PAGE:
Badami Chalukyas

Feb. 23, 2024

Two Badami Chalukya temples, at least 1,300-1,500 years old and a 1,200-year-old label inscription were recently discovered in Mudimanikyam village along the banks of Krishna.

About the Chalukya dynasty:

  • The Chalukyas ruled over the central Indian plateau of the Deccan between the sixth and twelfth centuries.
  • During that period, they ruled as three closely related but individual dynasties.
  • The Chalukyas of Badami, who ruled between the sixth and the eighth centuries, and the two sibling dynasties of the Chalukyas of Kalyani, or the Western Chalukyas, and the Chalukyas of Vengi, or the Eastern Chalukyas.

Key Facts about Badami Chalukyas

  • Origin:
    • Pulakesi I established the Chalukya dynasty in 550.
    • Pulakesi I took Vatapi (Badami in Bagalkot district, Karnataka) under his control and made it his capital.
    • Historians refer to Pulakesi I and his descendants as the Chalukyas of Badami.
  • They ruled over an empire that comprised the entire state of Karnataka and most of Andhra Pradesh in the Deccan.
  • Pulakesi II had been perhaps the greatest emperor of the Badami Chalukyas.
    • Pulakesi II extended the Chalukya Empire up to the northern extents of the Pallava kingdom and halted the southward march of Harsha by defeating him on the banks of the river Narmada. 
    • He then defeated the Vishnukundins in the southeastern Deccan.
    • Pallava Narasimhavarman reversed that victory by attacking and occupying the Chalukya capital, Vatapi (Badami).
    • Hiuen-Tsiang, a Chinese traveller, had visited the court of Pulakesi II.
    • Later, Persian emperor Khosrau II exchanged ambassadors with Pulakesi II.
  • The Badami Chalukya dynasty went into a brief decline following the death of Pulakesi II due to internal feuds.
  • It recovered during the reign of Vikramaditya I, who succeeded in pushing the Pallavas out of Badami and restoring order to the empire. 
  • The empire reached its peak during the rule of the illustrious Vikramaditya II, who defeated Pallava Nandivarman II and captured Kanchipuram. 
  • The Rashtrakuta Dantidurga overthrew the last Badami Chalukya king, Kirtivarman I, in 753.
  • At their peak, they ruled a vast empire stretching from the Kaveri to the Narmada.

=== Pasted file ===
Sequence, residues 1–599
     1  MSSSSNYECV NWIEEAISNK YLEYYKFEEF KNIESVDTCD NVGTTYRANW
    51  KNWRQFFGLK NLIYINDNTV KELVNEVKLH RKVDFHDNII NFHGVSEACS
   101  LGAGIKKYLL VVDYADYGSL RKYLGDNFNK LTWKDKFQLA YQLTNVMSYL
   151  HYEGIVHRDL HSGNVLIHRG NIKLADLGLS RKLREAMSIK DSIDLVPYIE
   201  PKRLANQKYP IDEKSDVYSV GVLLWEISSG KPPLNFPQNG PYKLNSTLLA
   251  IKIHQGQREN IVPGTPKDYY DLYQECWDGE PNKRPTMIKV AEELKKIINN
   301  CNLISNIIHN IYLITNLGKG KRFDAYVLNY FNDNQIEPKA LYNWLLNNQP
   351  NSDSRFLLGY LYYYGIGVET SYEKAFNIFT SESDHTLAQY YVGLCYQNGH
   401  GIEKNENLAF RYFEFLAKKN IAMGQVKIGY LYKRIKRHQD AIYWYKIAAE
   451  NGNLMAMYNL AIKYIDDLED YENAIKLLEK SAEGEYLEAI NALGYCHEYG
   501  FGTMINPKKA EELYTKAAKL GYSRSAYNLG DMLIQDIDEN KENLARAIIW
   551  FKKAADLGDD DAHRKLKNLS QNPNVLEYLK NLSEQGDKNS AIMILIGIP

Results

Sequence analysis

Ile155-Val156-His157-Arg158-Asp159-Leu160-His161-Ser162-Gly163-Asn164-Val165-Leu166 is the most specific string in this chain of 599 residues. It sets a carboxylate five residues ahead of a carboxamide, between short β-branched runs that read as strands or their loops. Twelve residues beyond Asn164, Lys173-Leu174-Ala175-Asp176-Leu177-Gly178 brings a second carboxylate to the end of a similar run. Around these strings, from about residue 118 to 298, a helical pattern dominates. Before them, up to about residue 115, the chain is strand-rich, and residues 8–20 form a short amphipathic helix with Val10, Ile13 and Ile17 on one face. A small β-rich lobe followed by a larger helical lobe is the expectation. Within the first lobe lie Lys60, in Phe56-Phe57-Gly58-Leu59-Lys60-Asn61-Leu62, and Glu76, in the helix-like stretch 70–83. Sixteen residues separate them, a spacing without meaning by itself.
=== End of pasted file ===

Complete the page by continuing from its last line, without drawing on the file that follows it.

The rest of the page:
• Art and Architecture:
    • It saw the evolution and proliferation of a new style of architecture known as Vesara, a combination of the South Indian and the North Indian building styles. 
    • The rock-cut temples of Pattadakal,UNESCO World Heritage Site, Badami, and Aihole constitute their most celebrated monuments.
  • Government:
    • The army consisted of infantry, cavalry, elephant corps, and a powerful navy.
    • Hiuen-Tsiang mentions that the Chalukya army had hundreds of elephants intoxicated with liquor prior to the battle.
    • Rashtrakuta inscriptions use the term Karnatabalato refer to their powerful armies.
    • The government levied taxes called Herjunka, Kirukula, Bilkode, and Pannaya.
    • The empire was divided into Maharashtrakas(provinces), then into smaller Rashtrakutas (Mandala), Vishaya (district), and Bhoga (group of ten villages).
    • Many autonomous regions existed, ruled by feudatories like Alupas, Gangas, Banas, and Sendrakas.
    • Local assemblies looked after local issues.
    • Groups of mahajanas(learned brahmins) looked after agraharas (like Ghatika, a place of higher learning), like the ones at Badami (2000 mahajans) and Aihole (500 mahajanas).
  • Coinage:
    • The Badami Chalukyas minted coins of a different standard compared to the northern kingdoms.
    • The coins had Nagari and Kannada legends. They minted coins with symbols of temples, lion or boar facing right, and the lotus.
  • Religion:
    • They initially followed Vedic Hinduism.
    • Later, from the time of Vikramaditya I, the people took an inclination towards Shaivism, and sects like Pashupata, Kapalikas, and Kalamukhas existed.
    • They actively encouraged Jainism, as attested to by one of the Badami cave temples and other Jain temples in the Aihole complex.